In 1714, the Italian violinist Giuseppe Tartini discovered that, when playing two notes simultaneously, he could hear a third sound. Later named a combination tone because its frequency was a mix of the frequencies of the two original tones, it was long thought to be a trick of the ear canal.
Now, however, it transpires that the sound is real, and that higher quality violins produce it more strongly.
In an experiment undertaken at the University of Florence in Italy, Professor Giovanni Cecchi and his colleagues analysed recordings of a professional violinist playing pairs of notes on five violins of different age and quality. Using a computer, they found that all violins produced these combination tones, but that the oldest instruments produced the strongest ones – about 75% more strong than those of a modern mass-produced instrument.
Jim Woodhouse at the University of Cambridge said that the experiment suggested that combination tones come from the way that air vibrates and mixes inside the violin – which is affected by the shape of the violin. So, because high-quality instruments are shaped more precisely, the combination tone that emanates from them is more focused. Speaking to the New Scientist, he said, ‘It wouldn’t be difficult to find high-quality contemporary violins that would show this effect just as strongly.’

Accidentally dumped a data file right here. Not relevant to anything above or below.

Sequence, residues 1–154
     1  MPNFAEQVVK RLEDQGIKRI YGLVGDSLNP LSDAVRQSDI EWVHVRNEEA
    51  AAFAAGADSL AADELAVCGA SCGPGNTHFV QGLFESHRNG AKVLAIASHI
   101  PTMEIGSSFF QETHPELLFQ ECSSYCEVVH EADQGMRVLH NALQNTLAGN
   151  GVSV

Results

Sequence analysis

According to Cecchi, the team now hope to investigate exactly which part of the instrument is responsible for combination tones.